M.C. Jain, J.
1. The appellant Poonma was convicted of the offence under Section 302, 404 and 201, IPC, by the Sessions Judge, Balotra, by his judgment dated July 18, 1975. He was sentenced to imprisonment for life and to pay a fine of Rs. 500/-, in default to undergo 5 months' rigorous imprisonment on the first count and on the second count he was sentenced to three years' rigorous imprisonment and to pay a fime of Rs. 200/ in default, to undergo two months' rigorous imprisonment. No separate sentence was awarded for the offence Under Section 201, IPC. The substantive sentences on the first two counts were ordered to run concurrently.
2. The prosecution case, in brief, is that the deceased Moti Tath left his house some 5-7 days before Deewali of 1973 and thereafter was not seen alive. He did not return on Deewali and a search was made for him. On 27-12-1973, it is alleged that the appellant Poorma went to Bhur Singh Rajput of villege Bhiyada and he disclosed him that some 7-8 days before Deewali he had killed Motinath with axe in the field Dhaniwala Nalawala. It was also revealed to him that Motinath wanted to have illcit relations with his wife. He wanted some sort of help from him but Bhur Singh took him to the Police Station Shiv, and lodged the report to that offect. Ganesh Ram, SHO (PW 24) regsitered the case on the verbal report of Bhur Singh Under Section 302, IPC, and commenced the investigation. The report was lodged on 28-12-1973 at 4.15, p.m. Soon thereafter the accused was arrested On the information and at the instance of the accused the dead body of Moti Nath was recovered from near the Dhani of the accused in his field and articles belonging to the accused were also recovered on the information and at the instance of the accused, which were also lying buried in the field. On the various information and at the instance of the accused, the clothes of the deceased and golden and silver ornaments of the deceased and other articles of the deceased, were recovered. On the information and at the instance of the accused one axe and one spade were also recovered. Dr. Keshav Kotwani (P.W. 19) conducted the autopsy on the body of Moti Nath and the dead body was in ah advance stage of decomposition and putrffication. The skull was found separated from the rest of the body, but there were clothes belonging to the deceased, found on the body, on the basis of which the dead body was identified to be of Moti Nath. Dr. Kotwani could not give the cause of death, as it was not ascertainable. After the arrest of the accused, spot investigation was also conducted and blood sweared soil was recovered from the spot. The clothes of the deceased found on the dead body, were also scized and one Tewata and one Safa of the deceased, recovered at the instance of the accused, were also seized and their packets were sent far chemical examination. Blood was detected on the clothes, found on the skeletion of the deceased and further blood was detected on the two clothes, namely, Tewata (Chadar) and Safa. Blood was further detected in blood-smeared soil as well as control soil. Only four articles were sent for Serological examination, namely, under wear and shirt found on the dead body, Tewata (Chadar) and blood-smeared soil. Human blood was detected only on blood-smeared soil and on the rest of the three articles, origin could not be determined, as blood was found distintegrated. After completion of investigation, charge-sheet was presented against the accused to the Court of Munsif and Judicial Magistrate, First Class, Barmer, who committed the accused for trial to the Court of Sessions Judge, Balotra. The accused was charged of the offences under Sections 302, 201 and 404, I.P.C He however, pleaded not gulity to the charges and claimed to be tried. At the trial, the prosecution examined in all 25 witnesses. In his staterent, the accused denied the prosecution case. He stated that the version given by Bhur Singh was false. However, he admitted that he was arrested. No evidence was led in defence. The learned Sessions Judge, on the basis of the circumstantial evidence consisting of recovery of the dead body and other articles belonging to the decased, on the information and at the instance of the accused and also on the circumstance of extra judicial confession, found the accused guilty of the offence under Sections 302, 404 and 201, I.P.C. Conseqquently, he convicted and sentenced the appellant, as aforesaid. Dissatisfied with his conviction and sentence, the present appeal has been filed.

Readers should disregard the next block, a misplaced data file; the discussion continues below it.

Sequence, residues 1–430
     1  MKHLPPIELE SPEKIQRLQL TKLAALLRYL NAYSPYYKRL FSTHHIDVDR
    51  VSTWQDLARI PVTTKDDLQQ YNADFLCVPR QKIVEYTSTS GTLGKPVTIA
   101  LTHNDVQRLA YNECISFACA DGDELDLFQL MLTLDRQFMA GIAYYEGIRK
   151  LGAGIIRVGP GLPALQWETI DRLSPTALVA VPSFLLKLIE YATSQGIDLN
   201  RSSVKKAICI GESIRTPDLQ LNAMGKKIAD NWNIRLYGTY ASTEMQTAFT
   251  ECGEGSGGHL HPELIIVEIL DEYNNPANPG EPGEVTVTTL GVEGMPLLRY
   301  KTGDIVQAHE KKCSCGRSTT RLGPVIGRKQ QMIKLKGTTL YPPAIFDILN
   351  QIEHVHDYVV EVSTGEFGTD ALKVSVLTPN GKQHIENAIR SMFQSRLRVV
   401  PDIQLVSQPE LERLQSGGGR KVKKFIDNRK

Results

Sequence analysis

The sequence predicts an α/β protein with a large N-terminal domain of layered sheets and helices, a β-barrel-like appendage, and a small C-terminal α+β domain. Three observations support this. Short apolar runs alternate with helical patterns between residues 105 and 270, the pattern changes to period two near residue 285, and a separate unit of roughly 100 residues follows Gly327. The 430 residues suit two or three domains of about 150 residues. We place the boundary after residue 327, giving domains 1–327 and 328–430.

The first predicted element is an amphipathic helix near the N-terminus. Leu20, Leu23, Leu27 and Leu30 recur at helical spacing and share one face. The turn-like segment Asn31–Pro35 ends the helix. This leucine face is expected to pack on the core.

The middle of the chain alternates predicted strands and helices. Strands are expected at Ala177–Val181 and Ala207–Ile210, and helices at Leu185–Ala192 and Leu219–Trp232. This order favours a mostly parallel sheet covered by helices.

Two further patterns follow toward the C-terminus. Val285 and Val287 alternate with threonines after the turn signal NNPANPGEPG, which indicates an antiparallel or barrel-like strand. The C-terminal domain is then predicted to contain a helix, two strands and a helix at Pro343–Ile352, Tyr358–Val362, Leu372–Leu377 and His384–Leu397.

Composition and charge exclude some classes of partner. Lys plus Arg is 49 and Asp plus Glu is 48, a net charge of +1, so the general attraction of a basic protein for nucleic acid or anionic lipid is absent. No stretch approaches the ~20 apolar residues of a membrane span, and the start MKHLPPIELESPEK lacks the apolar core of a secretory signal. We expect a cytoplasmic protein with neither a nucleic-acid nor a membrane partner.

3. We have heard Shri Doongar Sirgh, learned Counsel for the appellant, and Shri Niyazuddin Khan, learned Public Prosecutor, for the State.